University of Georgia

Life returns to Chernobyl

scavenge rotter
The Eurasian otter is one of 10 mammals documented at Chernobyl in recent years by UGA researchers. (Courtesy of Peter Schlichting)

More than 30 years after a nuclear accident left the area uninhabitable, Russia’s Chernobyl Exclusion Zone is now home to an abundance of wildlife, according to UGA researchers.

A one-month camera study prompted the sighting of 10 mammal and five bird species, according to James Beasley, associate professor at the Savannah River Ecology Laboratory and the Warnell School of Forestry and Natural Resources.

Fish carcasses were placed at the edge of open waters at the Pripyat River and in nearby irrigation canals, mimicking the natural activity that occurs when currents transport dead fish carcasses to the shore. The results show that 98 percent of the fish carcasses were consumed within one week by a multitude of scavengers.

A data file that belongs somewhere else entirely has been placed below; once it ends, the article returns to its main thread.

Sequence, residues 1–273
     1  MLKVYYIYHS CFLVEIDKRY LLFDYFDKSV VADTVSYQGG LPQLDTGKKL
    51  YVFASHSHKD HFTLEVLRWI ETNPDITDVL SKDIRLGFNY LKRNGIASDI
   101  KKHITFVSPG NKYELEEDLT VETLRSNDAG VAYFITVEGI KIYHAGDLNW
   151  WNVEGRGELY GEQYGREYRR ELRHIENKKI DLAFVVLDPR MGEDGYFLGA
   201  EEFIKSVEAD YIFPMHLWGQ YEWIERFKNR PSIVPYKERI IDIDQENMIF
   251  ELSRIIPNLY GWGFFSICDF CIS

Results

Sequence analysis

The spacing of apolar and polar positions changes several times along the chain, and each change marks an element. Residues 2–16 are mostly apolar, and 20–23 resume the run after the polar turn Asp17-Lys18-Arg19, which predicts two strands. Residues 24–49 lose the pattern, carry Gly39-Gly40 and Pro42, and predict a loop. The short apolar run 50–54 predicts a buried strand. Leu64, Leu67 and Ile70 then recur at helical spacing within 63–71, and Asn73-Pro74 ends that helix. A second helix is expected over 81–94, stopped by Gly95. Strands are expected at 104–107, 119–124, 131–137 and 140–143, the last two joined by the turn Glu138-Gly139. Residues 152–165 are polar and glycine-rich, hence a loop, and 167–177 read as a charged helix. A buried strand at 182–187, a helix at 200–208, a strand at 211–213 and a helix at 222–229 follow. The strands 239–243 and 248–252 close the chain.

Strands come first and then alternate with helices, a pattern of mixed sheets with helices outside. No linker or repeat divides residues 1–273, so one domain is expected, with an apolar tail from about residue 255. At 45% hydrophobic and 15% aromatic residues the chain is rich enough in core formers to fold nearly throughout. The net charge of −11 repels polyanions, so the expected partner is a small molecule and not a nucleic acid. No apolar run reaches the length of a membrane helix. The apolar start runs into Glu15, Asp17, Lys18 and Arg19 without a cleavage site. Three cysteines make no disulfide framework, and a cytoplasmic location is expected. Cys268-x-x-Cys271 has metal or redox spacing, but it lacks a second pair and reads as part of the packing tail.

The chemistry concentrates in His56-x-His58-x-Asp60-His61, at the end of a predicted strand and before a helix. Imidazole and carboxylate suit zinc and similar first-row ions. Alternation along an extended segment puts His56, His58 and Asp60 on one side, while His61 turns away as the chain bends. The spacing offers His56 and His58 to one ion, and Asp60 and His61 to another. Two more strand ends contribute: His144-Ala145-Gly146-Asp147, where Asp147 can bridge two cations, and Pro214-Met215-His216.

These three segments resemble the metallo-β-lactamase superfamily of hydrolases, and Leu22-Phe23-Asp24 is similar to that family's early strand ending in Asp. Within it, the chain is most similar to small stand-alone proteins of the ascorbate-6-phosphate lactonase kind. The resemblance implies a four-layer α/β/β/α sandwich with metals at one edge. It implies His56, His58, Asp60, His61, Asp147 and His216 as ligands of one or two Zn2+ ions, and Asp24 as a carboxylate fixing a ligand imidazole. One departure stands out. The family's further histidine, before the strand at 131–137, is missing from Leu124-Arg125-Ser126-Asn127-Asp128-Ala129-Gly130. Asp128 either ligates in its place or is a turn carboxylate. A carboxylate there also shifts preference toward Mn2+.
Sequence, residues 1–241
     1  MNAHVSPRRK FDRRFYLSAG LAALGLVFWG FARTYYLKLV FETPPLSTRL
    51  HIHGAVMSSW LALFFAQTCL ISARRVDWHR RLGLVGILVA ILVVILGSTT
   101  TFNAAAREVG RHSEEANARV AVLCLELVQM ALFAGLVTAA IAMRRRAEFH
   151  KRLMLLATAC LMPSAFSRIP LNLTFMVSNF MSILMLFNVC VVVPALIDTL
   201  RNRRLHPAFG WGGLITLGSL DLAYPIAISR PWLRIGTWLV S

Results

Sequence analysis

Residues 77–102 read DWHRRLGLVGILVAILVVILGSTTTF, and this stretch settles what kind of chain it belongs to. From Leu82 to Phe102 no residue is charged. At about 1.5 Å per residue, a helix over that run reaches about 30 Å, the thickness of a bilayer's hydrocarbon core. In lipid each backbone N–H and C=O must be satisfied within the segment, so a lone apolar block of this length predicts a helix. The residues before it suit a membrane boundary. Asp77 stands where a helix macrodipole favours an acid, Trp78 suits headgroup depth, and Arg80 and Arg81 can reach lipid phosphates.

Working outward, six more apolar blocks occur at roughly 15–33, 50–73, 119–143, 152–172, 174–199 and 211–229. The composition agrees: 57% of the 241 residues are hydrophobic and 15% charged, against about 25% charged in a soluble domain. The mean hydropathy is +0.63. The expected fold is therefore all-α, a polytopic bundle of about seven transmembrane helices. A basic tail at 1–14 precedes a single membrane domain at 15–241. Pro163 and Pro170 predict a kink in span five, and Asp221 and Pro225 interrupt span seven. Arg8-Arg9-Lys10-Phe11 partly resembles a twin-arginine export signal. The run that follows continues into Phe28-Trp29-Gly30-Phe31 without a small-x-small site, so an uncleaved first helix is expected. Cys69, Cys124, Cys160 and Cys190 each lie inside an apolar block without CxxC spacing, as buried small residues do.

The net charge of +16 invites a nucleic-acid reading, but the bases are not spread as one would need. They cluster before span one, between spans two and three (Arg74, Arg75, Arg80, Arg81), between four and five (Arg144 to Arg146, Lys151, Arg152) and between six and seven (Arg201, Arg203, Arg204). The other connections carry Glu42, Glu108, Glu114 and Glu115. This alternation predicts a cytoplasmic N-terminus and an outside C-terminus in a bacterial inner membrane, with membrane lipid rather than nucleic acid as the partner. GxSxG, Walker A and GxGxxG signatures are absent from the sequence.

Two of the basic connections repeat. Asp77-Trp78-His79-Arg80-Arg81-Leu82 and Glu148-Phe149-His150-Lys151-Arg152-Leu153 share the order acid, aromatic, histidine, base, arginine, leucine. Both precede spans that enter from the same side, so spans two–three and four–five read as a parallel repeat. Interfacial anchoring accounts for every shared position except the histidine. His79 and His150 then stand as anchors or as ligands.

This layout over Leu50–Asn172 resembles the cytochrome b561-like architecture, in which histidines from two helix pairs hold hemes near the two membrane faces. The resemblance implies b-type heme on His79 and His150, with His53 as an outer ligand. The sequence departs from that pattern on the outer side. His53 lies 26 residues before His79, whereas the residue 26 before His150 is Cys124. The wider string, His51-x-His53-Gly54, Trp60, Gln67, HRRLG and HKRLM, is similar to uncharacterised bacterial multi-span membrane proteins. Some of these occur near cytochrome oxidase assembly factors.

“We’ve seen evidence of a diversity of wildlife in the CEZ through our previous research, but this is the first time that we’ve seen white-tailed eagles, American mink and river otter on our cameras,” he says.

Beasley is referring to a 2015 study that provided the first evidence that wildlife—including gray wolves—exists in abundance in this ecological zone of about 1,000 square miles that was abandoned by humans after the 1986 nuclear accident.

The new results, published in the journal Food Webs, provide evidence that aquatic nutrient resources can flow to terrestrial landscapes and become available to terrestrial as well as semiaquatic wildlife, like otter and mink.

This brief appeared in the spring 2019 issue of  Research Magazine. The original story is available at